Farin Ruwa Waterfall: Harnessing Nature’s Gift In Nasarawa
FARIN Ruwa (translated: ‘white water’) is a beautiful and magnificent waterfall at Mahwa Forest Reserve in Mamba Local Government Area of Nasarawa state.
The roads to the waterfall, however, are literally impassable and the surrounding villages are locked in communal clashes with Fulani herdsmen over grazing rights.
The first democratically elected governor of Nasarawa State, Abdullahi Adamu, had sought to harness the potentials of the waterfall through electricity generation and tourism. In year 2000, he awarded contract for the construction of choice guest chalets with the hope of establishing a state-of-the-art tourist site. His dream was never actualized until he left office.
The next administration of Governor Akwe Doma tried to resuscitate the project. The effort, however, was unsuccessful, as a result of the Mahwa village flood scandal. The settlement, at the foot of Farin Ruwa, had been flooded and the compensation exercise for the victims had resulted in bitter squabbles.
Travel experts say the present administration in the state seems ignorant of the enormous potentials of the revenue spinner.
Rakiya Damdam, an indigene of Nasarawa state, laments: “I am very surprised that up till now, this administration has not been able to harness the proximity of Abuja to generate revenue by developing this beautiful waterfall as a tourist attraction.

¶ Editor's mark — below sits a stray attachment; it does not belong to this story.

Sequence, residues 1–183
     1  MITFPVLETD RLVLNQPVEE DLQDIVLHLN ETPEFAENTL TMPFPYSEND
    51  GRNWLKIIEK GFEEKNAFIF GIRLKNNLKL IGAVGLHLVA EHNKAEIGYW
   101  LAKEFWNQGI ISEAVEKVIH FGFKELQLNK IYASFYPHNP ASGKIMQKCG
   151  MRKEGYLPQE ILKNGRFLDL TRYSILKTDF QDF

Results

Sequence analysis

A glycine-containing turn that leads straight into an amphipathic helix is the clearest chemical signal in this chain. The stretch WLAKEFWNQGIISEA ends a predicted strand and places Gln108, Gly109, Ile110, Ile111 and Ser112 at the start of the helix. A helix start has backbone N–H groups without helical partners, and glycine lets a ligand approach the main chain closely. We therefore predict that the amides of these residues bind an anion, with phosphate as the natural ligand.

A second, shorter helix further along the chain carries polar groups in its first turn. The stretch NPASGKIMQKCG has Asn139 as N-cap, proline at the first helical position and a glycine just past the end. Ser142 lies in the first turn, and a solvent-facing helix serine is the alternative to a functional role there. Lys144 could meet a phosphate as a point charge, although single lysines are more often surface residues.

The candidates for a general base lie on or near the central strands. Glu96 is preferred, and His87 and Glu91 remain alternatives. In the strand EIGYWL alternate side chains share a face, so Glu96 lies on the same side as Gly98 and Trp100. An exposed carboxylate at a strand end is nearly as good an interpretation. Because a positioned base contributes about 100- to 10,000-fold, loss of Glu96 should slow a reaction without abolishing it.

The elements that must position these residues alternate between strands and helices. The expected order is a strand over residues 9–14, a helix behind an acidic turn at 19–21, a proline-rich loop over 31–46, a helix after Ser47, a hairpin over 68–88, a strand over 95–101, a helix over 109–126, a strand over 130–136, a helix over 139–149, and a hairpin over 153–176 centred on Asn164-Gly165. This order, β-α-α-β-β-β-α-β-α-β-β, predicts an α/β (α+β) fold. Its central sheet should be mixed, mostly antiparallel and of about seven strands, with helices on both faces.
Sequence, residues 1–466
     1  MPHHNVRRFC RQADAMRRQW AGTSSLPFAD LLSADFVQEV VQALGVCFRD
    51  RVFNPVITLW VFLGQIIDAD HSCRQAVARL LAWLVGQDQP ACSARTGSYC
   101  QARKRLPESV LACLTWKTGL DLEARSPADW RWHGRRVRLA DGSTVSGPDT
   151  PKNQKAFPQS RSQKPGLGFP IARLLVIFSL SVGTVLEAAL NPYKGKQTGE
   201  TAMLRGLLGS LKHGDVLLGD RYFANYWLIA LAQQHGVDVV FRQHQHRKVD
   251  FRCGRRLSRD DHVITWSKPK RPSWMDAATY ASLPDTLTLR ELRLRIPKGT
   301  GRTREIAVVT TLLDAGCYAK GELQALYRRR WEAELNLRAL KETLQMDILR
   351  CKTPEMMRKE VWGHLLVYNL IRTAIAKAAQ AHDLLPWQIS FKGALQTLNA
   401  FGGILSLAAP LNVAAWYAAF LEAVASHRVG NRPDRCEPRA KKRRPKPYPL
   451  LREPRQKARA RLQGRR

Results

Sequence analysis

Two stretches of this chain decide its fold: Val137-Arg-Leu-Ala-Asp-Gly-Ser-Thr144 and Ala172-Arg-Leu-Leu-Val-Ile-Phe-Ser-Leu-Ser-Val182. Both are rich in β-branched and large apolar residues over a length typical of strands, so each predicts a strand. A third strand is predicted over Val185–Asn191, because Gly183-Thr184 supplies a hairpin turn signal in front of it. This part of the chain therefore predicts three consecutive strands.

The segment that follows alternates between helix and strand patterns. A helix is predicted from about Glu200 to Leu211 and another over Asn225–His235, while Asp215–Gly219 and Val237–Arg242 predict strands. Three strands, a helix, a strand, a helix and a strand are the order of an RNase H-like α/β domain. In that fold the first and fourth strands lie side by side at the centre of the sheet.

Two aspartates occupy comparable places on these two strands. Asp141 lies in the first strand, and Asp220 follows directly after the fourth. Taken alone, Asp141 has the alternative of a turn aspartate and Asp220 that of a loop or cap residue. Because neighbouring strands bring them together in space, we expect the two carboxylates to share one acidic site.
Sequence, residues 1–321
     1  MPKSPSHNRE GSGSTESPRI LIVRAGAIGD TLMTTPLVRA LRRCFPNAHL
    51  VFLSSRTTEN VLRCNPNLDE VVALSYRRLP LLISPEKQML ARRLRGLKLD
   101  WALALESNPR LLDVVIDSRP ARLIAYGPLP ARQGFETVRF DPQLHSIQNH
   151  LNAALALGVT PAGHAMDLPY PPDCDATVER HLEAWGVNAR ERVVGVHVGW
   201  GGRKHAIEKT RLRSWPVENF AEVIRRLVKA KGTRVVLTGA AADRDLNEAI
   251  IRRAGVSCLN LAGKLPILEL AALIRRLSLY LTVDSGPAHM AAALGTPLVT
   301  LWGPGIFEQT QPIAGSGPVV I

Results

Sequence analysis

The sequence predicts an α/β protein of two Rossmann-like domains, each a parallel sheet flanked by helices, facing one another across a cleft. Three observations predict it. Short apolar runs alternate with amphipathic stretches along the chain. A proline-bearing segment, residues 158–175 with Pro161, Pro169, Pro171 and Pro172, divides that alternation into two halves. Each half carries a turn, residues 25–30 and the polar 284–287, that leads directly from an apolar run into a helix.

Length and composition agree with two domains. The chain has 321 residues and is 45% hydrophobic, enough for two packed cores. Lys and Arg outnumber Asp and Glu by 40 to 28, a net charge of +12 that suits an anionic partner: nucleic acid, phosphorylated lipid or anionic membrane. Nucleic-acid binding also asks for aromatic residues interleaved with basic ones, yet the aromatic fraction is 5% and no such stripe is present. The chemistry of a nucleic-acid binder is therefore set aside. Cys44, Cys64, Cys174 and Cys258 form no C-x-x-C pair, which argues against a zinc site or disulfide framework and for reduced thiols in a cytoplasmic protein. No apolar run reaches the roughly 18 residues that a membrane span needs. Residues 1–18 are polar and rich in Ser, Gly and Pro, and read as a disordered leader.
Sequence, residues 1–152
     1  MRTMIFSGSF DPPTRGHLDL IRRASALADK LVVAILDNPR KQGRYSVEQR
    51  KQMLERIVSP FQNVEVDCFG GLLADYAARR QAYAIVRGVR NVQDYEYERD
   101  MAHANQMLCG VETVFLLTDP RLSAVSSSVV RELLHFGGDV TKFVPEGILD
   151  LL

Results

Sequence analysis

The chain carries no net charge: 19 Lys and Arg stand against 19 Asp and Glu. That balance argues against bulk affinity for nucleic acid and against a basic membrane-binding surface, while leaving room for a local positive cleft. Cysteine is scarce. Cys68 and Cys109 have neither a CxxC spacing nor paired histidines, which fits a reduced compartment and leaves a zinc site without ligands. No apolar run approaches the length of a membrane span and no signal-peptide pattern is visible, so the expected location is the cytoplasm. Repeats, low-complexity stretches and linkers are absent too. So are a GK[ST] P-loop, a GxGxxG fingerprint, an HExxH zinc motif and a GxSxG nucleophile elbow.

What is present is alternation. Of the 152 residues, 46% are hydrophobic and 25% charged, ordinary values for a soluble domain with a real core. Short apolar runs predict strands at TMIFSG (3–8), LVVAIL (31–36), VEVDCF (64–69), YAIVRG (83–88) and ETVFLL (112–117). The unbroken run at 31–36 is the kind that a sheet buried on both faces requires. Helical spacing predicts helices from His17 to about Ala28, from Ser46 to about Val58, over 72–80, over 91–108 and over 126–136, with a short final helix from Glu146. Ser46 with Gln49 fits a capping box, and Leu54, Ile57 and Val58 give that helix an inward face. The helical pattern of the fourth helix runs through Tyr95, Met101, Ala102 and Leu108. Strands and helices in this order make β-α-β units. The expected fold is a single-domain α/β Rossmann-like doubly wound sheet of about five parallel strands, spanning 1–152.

“The annoying thing is that they keep saying Nasarawa is a poor state. But look at this natural attraction lying redundant. Poachers and loggers, instead, are taking possession of what rightly belongs to the state.”
A government official, who did not wish to be named, told The Guardian that some Chinese investors who saw Farin Ruwa on the Internet visited the site, but that after expressions of interest and negotiations with the Al-Makura-led government, agreement could not be reached.
“Today, the state government in a strange turnaround is proposing a Public Private Partnership for an upgrade of the well-endowed waterfall. But without political will by the administration, this is like having gold, yet seeking pennies. Even a single rail line from the site to Abuja will generate millions,” the source explained.
The Guardian learnt that Nasarawa with a monthly federal allocation of about N3bn is one of the poorly funded states. An insider in the cabinet of Al-Makura explained that of the allocation, about N2.4bn is used to pay salaries and emoluments of workers, while about 400 million naira goes into servicing part of the N38bn debt inherited from past governments.
Critics, however, say this must not be used as an excuse for underdevelopment. Jato Istifanus, an indigene of the state, notes: “The government should stop complaining about the small federal allocation it receives and concentrate on improving numerous tourists’ attractions like Farin Ruwa. After all, Israel and other countries have shown that tourism can be one of the greatest revenue sources.”
The village head of Marhi, at the foot of the waterfall, expresses hope that a day will come when tourism potentials in the area will be utilized to attract economic and social development to the state.
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